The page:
How Much Can You Borrow to Buy a Funeral Home?

The price of a funeral home and the amount you can borrow are closely linked.

The payments for a business loan come out of the cash flow of the business. To make these payments, the business has to produce enough revenue to pay its expenses, pay a salary to the owner, and have enough earnings left over to make the monthly loan payment.

Thus the price that you pay for a funeral home is a function of how much you can borrow. And how much you can borrow is a function of how much cash the business produces each month.

To explore the link between cash flow and the size of your loan, let’s make some assumptions about the buyer/borrower:

  • The buyer will obtain bank financing to make the purchase of the funeral home.
  • The buyer has excellent credit, strong industry experience and the ability to make a modest down payment.
  • Any seller financing will be at similar rates and terms as the bank financing.
  • The buyer will own and operate the business for profit as a stand-alone facility.
  • The value of the individual assets of the business, including real estate, are not greater than the overall value of the business.

Seller’s Discretionary Earnings

In the funeral industry most businesses sell in a price range between four to six times Seller’s Discretionary Earnings (SDE). This price range typically includes all operating assets of the business. SDE or cash flow available to the owner is also expressed in terms like adjusted cash flow and adjusted EBITDA (earnings before interest, taxes, depreciation and amortization).

Cash flow for debt service (CDS)

Since most buyers are in business to make money, it makes sense to determine how much cash will be available to pay debt service after the purchase. This is also the method used by banks to determine how much they can loan on a purchase.

Cash flow available to service debt is always a lower number than SDE. It is calculated by subtracting a normal salary for the borrower from SDE. Most lenders require a borrower to budget the minimum salary needed to take care of his or her personal liabilities and living expenses. They also require a small margin of safety over and above the actual debt service requirement which I will explain shortly.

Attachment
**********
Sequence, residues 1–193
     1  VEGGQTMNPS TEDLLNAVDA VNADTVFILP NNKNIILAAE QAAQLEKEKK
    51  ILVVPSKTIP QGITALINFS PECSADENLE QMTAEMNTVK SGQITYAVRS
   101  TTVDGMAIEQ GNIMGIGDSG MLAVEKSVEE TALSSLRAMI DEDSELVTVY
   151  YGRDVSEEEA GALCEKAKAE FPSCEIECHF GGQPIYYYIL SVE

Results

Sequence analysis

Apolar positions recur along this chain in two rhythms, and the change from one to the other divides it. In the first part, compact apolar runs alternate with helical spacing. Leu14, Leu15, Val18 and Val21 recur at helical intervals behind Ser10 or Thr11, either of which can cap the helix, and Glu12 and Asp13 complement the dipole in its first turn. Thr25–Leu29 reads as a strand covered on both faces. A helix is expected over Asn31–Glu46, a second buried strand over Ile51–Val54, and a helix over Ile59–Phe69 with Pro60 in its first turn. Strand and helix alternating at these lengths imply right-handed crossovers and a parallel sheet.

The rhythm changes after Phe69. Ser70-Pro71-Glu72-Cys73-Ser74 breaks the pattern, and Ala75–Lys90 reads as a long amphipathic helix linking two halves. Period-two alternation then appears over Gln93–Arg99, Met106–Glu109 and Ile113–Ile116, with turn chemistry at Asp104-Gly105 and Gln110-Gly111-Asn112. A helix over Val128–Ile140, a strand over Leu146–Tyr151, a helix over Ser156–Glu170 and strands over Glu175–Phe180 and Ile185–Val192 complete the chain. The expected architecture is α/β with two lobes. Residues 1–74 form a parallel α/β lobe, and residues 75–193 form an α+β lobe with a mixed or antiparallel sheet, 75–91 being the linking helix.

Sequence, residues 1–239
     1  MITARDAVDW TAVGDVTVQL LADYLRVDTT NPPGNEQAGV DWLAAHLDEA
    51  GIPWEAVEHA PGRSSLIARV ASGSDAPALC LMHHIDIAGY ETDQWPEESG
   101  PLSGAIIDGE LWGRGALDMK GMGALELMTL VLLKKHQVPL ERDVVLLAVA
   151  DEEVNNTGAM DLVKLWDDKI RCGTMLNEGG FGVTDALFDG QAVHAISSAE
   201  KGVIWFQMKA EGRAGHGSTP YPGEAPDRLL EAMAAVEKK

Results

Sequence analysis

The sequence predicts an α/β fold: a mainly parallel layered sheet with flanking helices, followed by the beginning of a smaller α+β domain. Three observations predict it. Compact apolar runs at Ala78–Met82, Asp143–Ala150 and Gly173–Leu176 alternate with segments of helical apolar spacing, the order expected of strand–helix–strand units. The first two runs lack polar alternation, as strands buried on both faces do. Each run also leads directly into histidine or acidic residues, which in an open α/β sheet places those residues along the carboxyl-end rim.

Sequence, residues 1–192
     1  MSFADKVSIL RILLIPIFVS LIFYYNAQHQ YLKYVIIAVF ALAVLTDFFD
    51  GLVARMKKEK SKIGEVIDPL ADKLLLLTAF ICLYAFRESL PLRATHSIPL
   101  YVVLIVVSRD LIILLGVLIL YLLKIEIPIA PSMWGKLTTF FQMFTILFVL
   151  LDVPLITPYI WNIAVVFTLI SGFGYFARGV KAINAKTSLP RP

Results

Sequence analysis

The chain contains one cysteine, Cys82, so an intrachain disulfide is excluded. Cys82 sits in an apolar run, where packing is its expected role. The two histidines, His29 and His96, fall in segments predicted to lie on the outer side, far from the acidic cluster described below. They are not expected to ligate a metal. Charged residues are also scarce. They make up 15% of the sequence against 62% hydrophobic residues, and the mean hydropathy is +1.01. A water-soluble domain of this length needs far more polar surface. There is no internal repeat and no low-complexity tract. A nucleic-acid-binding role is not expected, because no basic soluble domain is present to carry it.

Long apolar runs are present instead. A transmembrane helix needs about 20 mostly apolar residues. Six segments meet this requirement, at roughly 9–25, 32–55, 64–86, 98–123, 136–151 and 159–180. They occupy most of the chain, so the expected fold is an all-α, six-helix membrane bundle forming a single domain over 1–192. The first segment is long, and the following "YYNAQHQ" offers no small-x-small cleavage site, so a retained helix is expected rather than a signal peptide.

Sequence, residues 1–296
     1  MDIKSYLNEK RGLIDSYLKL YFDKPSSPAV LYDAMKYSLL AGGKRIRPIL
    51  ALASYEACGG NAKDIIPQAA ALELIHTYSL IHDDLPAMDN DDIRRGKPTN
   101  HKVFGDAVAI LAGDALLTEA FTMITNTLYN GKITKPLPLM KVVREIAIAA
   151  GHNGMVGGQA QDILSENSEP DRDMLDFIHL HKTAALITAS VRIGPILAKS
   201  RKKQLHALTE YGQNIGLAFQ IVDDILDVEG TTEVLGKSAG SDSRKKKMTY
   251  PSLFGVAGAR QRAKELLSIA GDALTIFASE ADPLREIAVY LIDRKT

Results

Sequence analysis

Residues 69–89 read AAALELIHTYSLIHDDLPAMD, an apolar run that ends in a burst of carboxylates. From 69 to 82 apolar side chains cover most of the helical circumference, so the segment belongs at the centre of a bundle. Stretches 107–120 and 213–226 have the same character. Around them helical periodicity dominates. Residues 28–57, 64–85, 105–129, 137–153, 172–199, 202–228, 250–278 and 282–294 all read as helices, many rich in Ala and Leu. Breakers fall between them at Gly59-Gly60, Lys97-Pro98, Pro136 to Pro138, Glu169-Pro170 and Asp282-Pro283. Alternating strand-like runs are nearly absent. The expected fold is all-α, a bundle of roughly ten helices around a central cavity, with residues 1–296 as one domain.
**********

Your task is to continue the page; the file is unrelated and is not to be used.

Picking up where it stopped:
The minimum salary required by the borrower will vary depending on their personal debt level. A good rule of thumb to budget and estimate a borrower’s personal salary requirement is to multiply their annual personal liabilities by two. For example, a borrower with annual personal liabilities of $15,000 will require a minimum personal salary of $30,000, which is then subtracted from SDE to arrive at cash flow available for debt service. Cash flow available for debt service or CDS is then used to determine how much the borrower can actually borrower for the purchase, which then allows the borrower to estimate how much they can offer the seller.

The bank’s Debt Coverage Ratio

In addition to subtracting a salary requirement, most banks will also build in a margin of safety when calculating the actual debt payments they are comfortable with. This margin of safety is referred to as debt coverage and is usually expressed in a ratio called the debt coverage ratio. Some banks require a minimum debt coverage ratio of at least 1.25 and some up to 1.50. For example, if a bank required a minimum debt coverage ratio of 1.25 and the CDS was $125,000, the bank would only be comfortable with annual debt payments up to $100,000. This total would then be used with the amortization term and interest rate to determine how much the borrower could actually borrow for the purchase.

An example

The following example will help illustrate both the minimum salary requirement and the debt coverage margin. Let us say over the past three years a business has achieved average SDE of $350,000. The borrower’s personal salary requirement is estimated to be at least $50,000, which is then subtracted from SDE to arrive at CDS of $300,000. Let us say the lender is conservative and requires debt coverage of at least 1.5 on loans of this size. Dividing CDS of $300,000 by the minimum debt coverage ratio of 1.5 leaves $200,000 for total annual debt payments. In this example, $200,000 in annual debt payments over 15 years at 8.00% would allow the buyer to borrower approximately $1.7 million to make the purchase. If the buyer planned to put down $300,000 in cash, the buyer could offer the seller approximately $2.0 million for the business.

This example shows clearly that the buyer is unlikely to offer the seller more than $2M for the funeral home because the business can’t service more than $200,000 in loan payments each year.

Now that you know how to calculate the amount of the loan you are seeking, let’s look at the sources of financing and the process for getting a loan.

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